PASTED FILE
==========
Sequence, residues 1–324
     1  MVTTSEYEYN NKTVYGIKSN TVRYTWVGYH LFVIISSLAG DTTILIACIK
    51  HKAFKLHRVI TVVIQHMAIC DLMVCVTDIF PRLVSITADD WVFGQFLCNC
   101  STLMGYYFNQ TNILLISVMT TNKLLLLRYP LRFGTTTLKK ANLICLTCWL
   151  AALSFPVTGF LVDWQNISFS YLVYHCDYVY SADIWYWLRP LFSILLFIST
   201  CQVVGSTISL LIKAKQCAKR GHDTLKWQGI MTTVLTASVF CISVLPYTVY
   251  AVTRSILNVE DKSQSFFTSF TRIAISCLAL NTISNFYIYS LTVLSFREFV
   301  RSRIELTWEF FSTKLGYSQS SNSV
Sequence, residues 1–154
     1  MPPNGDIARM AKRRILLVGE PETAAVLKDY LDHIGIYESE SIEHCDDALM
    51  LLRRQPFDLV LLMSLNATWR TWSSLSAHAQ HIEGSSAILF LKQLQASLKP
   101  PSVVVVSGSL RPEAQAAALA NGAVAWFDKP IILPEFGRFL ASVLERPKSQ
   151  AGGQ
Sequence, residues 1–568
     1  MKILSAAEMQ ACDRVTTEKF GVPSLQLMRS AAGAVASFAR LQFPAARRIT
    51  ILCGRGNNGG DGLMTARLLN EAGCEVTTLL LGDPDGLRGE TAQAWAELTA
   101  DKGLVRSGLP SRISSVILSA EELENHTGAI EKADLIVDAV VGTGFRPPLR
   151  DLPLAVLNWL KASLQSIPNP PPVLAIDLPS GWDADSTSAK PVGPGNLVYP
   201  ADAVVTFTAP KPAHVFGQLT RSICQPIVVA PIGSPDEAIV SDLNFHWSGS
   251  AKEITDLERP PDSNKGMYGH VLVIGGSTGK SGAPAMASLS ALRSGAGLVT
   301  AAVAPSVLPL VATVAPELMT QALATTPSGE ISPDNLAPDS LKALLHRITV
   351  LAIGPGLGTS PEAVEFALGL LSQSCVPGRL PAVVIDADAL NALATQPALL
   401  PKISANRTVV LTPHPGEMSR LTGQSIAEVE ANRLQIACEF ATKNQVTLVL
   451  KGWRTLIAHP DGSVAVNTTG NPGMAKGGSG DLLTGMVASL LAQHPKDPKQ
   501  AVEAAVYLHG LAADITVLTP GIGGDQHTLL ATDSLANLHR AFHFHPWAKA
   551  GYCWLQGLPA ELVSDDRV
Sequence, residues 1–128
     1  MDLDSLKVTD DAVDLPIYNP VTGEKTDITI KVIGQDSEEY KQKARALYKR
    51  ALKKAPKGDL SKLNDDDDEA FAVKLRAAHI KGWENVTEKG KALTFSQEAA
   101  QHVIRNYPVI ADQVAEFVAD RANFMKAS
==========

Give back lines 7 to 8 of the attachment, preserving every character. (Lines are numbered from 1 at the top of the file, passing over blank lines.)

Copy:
   251  AVTRSILNVE DKSQSFFTSF TRIAISCLAL NTISNFYIYS LTVLSFREFV
   301  RSRIELTWEF FSTKLGYSQS SNSV